Permarexy is an eating disorder that has recently appeared and is starting to worry health authorities. permarexia consists of obsession with dieting and dieting constantly.

People with this eating disorder constantly follow strict diets to lose weight, have bad habits and irrational eating behaviors. Permarexia itself is not considered a disorder, but it is considered a risky behavior that can be the prelude to serious illnesses such as bulimia or anorexia.

6. Potomania

It’s important to stay well hydrated, and drinking water is one of those universal recommendations that we all try to follow. Drink two liters of water a day, as the doctor tells us.

Being hydrated makes our skin healthier and aids digestion and fat loss, but there are people who go beyond the limits of this practice. And yes, drinking lots of water is a harmful habit for our health. This excessive fluid intake is often referred to as potomania or hydrolexy, and is an eating disorder that it involves ingesting a large amount of water, even if you are not thirsty.

Drinking too much water can compromise our body functions as it saturates the function of our kidneys and alters the normal components of the blood, among other things.

7. Pregorexia

Pregorexia is an eating disorder typical of some pregnant women. These women in a state of good hope they stop eating what is necessary for the fetus to develop without problems, and they usually have a very intense diet and exercise routines. in order to maintain a slim silhouette.

This disorder, similar to anorexia (although less severe), is experienced by women who, being pregnant, have an intense fear of gaining weight during the nine months of pregnancy. Something that is biologically impossible and that can endanger the health of the baby on the way.

It is fairly studied that women who suffer from pregorexia have a history related to anorexia. But it also happens, sometimes, that women who develop pregorexia end up suffering from anorexia.

Other factors that would cause pregorexia would be perfectionism, emotional stickiness, and low self-esteem.

  • Find out more: “Pregorexia: pregnant women who do not want to gain weight”

8. Pica

Itching is an eating disorder that affects some children. It is characterized by uncontrollable desire of the little ones in the house to ingest non-nutritious substances or objects, Like dirt, ants, baking soda, glue, insects, paper, small pieces of plastic or wood … These are all objects and things that, in principle, have no food value and is probably not recommended to eat.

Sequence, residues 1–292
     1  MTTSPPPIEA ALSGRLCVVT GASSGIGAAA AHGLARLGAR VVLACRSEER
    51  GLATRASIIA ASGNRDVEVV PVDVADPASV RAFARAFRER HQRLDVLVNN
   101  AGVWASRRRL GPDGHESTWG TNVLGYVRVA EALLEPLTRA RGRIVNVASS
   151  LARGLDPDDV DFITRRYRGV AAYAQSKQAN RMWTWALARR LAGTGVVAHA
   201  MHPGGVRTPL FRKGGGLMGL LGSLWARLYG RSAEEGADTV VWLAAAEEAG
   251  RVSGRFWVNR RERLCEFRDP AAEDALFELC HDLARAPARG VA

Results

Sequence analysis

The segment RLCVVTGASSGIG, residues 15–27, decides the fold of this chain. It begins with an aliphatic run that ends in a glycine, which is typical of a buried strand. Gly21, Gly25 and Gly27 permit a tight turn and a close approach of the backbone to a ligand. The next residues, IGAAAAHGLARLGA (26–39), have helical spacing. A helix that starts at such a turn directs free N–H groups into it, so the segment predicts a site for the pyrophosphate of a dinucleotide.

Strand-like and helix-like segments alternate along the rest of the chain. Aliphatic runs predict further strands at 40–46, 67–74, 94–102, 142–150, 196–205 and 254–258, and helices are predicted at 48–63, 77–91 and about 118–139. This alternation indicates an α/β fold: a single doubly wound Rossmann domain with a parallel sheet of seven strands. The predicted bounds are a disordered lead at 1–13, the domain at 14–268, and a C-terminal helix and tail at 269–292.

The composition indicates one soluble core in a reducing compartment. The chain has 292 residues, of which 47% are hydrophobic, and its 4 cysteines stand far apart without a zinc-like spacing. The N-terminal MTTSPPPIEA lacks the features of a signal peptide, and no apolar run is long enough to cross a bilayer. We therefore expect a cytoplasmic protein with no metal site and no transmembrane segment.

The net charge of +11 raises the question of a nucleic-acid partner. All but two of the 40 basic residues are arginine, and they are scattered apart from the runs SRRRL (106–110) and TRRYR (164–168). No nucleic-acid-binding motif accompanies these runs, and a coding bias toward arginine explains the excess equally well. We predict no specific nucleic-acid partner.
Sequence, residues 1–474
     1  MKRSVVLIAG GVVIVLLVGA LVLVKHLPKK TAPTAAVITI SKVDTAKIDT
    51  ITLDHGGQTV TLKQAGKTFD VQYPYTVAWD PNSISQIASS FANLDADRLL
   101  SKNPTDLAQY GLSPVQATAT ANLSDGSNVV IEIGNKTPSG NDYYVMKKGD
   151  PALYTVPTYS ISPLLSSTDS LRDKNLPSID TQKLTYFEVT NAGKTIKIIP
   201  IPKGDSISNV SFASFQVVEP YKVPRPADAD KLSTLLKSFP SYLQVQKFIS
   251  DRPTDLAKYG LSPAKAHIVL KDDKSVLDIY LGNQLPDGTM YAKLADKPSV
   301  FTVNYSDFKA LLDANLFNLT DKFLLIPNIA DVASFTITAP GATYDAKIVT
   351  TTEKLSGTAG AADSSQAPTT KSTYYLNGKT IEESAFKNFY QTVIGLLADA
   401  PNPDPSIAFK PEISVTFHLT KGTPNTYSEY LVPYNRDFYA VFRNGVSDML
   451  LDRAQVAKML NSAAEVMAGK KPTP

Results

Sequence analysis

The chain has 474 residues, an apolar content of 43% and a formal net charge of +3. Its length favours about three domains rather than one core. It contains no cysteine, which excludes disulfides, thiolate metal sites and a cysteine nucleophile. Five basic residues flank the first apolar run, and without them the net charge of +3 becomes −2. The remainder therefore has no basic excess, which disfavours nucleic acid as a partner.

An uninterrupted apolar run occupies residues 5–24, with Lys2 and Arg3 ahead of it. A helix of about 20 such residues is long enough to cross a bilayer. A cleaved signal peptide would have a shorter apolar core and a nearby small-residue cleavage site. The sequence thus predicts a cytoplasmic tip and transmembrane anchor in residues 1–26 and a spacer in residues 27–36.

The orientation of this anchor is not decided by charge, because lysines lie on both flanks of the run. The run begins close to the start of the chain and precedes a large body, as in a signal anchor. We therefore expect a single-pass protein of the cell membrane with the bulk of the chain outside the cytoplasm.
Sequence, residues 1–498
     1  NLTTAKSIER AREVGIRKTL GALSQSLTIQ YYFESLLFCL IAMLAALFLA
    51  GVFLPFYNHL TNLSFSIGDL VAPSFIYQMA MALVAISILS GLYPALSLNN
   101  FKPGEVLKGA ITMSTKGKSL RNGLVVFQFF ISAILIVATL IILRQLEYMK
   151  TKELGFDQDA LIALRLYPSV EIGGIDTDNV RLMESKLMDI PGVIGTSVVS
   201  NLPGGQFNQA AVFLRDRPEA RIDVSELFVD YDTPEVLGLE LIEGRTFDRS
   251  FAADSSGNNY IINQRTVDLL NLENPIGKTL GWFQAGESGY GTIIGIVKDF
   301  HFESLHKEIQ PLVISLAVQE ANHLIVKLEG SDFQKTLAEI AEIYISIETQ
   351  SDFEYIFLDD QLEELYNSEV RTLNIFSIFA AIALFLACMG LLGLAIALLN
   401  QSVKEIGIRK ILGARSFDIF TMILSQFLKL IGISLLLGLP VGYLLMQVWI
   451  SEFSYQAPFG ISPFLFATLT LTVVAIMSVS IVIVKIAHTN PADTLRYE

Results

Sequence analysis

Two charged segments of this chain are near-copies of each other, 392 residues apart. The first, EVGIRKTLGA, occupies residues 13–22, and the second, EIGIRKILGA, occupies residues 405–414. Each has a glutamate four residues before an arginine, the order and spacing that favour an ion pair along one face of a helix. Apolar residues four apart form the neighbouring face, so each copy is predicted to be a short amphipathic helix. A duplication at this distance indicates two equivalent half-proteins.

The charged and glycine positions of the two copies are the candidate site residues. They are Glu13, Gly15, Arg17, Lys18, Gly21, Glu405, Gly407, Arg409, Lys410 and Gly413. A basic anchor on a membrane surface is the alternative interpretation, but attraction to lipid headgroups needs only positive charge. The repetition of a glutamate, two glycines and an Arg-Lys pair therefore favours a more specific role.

Pica is linked to children with cognitive difficulties and other developmental disabilities.

9. Manorexia

Manorexia is an eating disorder that has some similarities to anorexia and stamina. Manorexia is sometimes referred to as “male anorexia,” although this is a simplification as it has its own symptoms. People with this disorder they have a real fear gain weight, which leads them to overexert their bodies and always follow unhealthy diets and fasting.

It is a disease that has been particularly represented in men working in the fashion industry and in sports where a very light figure is required, such as horse racing.

10. Drunkenness

Drunkenness, also known as drunkenness, is an eating disorder that has exploded in adolescents and young adults. This is the practice of stopping eating to counter the excess calories produced by large amounts of alcohol that they consume for several days.

Eriorexia is a very bad habit for a person’s mental and physical health, as it is a midpoint between anorexia nervosa and alcohol addiction.

Bibliographical references:

  • American Psychiatric Association -APA- (2014). DSM-5. Diagnostic and Statistical Manual of Mental Disorders. Madrid: Panamericana.
  • National Institute for Excellence in Health and Care (2004). Eating Disorders: Health interventions in the treatment and management of anorexia nervosa, bulimia nervosa and related eating disorders. London: National Institute for Excellence in Health and Care.
  • Rosen, DS (2003). Identify and treat eating disorders. Pediatrics; 111: pages 204 to 211.
  • Roda, JG (2006). Eating Disorders in Men: Four Clinical Subtypes. Catalan Society of Psychiatry, 35 (3), 352-361.
  • Stoppler, MC (2008). Drunkenness, manorexia, diabulimia: new eating disorders. MedicineNet.